Nursing Homes are Failing to Report Falls and Bedsores:

A recent study shows that nursing homes are underreporting serious falls and bedsores, top indicators of nursing home malpractice.

According to a U.S. News & World Report article, a study indicates that U.S. nursing homes are failing to report a large percentage of bed sores and nursing home falls, which is skewing public data on nursing home performance and nursing home malpractice. The false data impairs the ability for people to choose quality nursing homes. According to the article, the study further indicates that the underreporting of incidents is often motivated by race.

After studying Medicare claims data on serious nursing home hospitalizations, researchers found that about 40% of falls and 32% of bedsore hospitalizations were not reflected on Nursing Home Care Compare, a website created by the U.S. Centers for Medicare and Medicaid Services (CMS) to help people choose the best nursing home. The website relies on self-reported data from nursing homes to provide the public with information on safety, care, and issues of nursing home malpractice in U.S. nursing homes.

Accurate information on nursing home falls and pressure ulcer hospitalization is important for people choosing a nursing home, as these are two prominent indicators of nursing home malpractice in a prospective facility.

  • Bed Sores—Hospitalizations for the treatment of bedsores indicate that residents’ pressure ulcers have been allowed to deteriorate into severe wounds that require surgery or other emergency attention. When bedsores develop into late stage wounds or become infected, this is an indication nursing home malpractice has occurred. Severe bed sores can be deadly, necessitating the intervention of a wrongful death attorney.
  • Falls—Like bedsores, nursing home falls are often preventable and their occurrence frequently indicates nursing home malpractice has occurred. Severe falls can result in serious injuries like limb or facial fractures, extensive bruising, sprains and strains, and sometimes can even result in death, leading to the family’s need to secure a wrongful death attorney.

The study compared the CMS data against medical claims filed to medicare by hospitals seeking reimbursement for treatment for bedsores or falls. The findings not only revealed a disparity of data, but also indicated that underreporting skewed along racial lines. Emphasizing that U.S. nursing homes are frequently segregated, lead researcher and assistant professor of public health sciences at the University of Chicago Prachi Sanghavi reported that nursing homes with more white residents reported more fall injuries and fewer bedsore injuries, while reporting rates from nursing homes with more black residents showed the opposite.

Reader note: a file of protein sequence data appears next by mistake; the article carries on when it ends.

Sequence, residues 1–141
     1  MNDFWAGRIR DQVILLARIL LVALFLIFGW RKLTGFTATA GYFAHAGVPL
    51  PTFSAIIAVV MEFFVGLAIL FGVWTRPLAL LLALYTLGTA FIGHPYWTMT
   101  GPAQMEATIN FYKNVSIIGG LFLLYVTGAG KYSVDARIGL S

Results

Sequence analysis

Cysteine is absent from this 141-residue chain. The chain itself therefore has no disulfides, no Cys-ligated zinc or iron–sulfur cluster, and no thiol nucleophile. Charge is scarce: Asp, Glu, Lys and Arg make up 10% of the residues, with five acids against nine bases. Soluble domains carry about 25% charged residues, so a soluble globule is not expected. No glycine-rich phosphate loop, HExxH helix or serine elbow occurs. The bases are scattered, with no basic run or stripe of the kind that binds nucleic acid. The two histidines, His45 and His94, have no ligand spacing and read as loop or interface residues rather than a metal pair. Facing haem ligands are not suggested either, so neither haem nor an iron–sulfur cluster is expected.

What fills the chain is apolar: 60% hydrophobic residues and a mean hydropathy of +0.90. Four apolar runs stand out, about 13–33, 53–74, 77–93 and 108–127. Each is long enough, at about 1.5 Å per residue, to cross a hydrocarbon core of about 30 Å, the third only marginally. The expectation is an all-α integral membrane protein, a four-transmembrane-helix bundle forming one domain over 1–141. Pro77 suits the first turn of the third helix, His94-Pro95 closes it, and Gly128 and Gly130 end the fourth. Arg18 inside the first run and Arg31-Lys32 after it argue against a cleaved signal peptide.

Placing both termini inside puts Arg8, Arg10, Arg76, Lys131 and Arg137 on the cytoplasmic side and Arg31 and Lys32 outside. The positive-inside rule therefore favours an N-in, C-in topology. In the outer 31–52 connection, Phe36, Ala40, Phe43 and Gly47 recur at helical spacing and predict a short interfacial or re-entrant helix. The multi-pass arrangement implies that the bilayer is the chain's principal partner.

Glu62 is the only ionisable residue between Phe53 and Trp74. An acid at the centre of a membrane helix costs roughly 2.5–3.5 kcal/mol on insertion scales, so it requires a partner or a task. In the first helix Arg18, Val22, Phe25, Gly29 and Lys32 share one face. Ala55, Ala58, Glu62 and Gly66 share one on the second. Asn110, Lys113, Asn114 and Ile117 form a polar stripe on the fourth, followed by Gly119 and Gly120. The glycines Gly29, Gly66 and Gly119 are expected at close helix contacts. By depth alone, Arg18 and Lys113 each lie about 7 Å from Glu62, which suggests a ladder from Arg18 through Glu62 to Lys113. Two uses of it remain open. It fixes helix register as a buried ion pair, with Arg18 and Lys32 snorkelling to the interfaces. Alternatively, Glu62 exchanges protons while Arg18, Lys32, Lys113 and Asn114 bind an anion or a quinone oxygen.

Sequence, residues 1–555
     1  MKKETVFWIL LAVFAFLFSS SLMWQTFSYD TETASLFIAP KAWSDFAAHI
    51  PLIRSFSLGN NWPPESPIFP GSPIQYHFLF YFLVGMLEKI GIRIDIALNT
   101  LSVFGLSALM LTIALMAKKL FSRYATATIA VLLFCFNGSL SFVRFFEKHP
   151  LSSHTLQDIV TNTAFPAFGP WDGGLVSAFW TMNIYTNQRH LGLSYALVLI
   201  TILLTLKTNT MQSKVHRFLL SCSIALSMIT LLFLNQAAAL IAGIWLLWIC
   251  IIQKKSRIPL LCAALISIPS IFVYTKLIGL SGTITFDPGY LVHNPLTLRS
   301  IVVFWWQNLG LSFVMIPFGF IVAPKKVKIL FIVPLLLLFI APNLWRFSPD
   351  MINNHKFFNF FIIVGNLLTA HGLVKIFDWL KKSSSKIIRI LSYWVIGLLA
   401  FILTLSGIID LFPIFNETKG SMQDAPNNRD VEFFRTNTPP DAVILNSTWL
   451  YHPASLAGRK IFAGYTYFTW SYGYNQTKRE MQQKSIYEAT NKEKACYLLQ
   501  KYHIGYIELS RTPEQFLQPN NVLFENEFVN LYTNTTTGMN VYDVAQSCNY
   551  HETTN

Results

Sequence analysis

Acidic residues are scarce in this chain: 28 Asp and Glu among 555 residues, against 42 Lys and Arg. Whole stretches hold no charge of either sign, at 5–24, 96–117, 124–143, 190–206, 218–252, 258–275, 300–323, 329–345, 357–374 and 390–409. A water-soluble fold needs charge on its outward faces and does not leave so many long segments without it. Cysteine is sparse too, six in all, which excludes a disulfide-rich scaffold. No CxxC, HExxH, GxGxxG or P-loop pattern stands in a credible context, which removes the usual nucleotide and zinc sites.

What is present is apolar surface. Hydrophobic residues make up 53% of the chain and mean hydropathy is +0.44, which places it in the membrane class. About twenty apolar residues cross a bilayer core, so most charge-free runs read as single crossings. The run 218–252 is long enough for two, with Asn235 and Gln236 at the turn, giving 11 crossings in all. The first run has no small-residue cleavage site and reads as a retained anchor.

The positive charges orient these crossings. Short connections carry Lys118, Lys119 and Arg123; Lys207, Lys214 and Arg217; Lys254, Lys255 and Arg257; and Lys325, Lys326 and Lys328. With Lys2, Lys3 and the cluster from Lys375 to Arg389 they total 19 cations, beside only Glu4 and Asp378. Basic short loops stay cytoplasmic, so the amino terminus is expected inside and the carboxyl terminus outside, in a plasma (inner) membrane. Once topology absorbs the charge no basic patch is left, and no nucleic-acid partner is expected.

The report posited that alternative methods of measuring nursing home quality outside of self-reported data ought to be considered by CMS, such as objective data from Medicare and Medicaid claims. Having the most accurate information possible is crucial in choosing a nursing home, particularly since it can be complicated to change nursing homes only after discovering a home’s likelihood of committing nursing home malpractice. When choosing a nursing home, it’s prudent to use a range of sources and research methods (such as this guide) to research prospective homes for yourself or a loved one. Beyond the CMS website, the following methods are helpful in choosing a nursing home:

  • Contact Your State DOH: The state Departments of Health in Pennsylvania and New Jersey make available their investigative records of every nursing home malpractice complaint in their respective states.
  • Tour Prospective Homes: While a tour itself will not reveal the likelihood of nursing home malpractice, you can be alert for indicators. For example, since a top cause of nursing home malpractice is understaffing, you can use your tour to observe the number of staff members or to inquire about nurse-to-resident ratio and turnover rates.
  • Contact a Nursing Home Attorney: Wrongful death and nursing home malpractice are matters highly familiar to nursing home lawyers. To learn about choosing a safe nursing home for your loved one, you should contact a trusted nursing home malpractice or wrongful death attorney.

Holding Homes Responsible for Neglect, Abuse, and Wrongful Death

Attorney Brian P. Murphy is dedicated to upholding the rights of Pennsylvania, Philadelphia, or New Jersey nursing home residents and ensuring their health and safety. As an experienced nursing home malpractice and wrongful death attorney, Brian Murphy has made it his mission to hold negligent Philadelphia/PA or NJ nursing homes accountable for preventable falls and bedsores and other incidents of nursing home malpractice. Should you find yourself needing to contact a nursing home malpractice and wrongful death attorney, or if you need guidance in choosing a nursing home, call Brian Murphy today to discuss your legal options.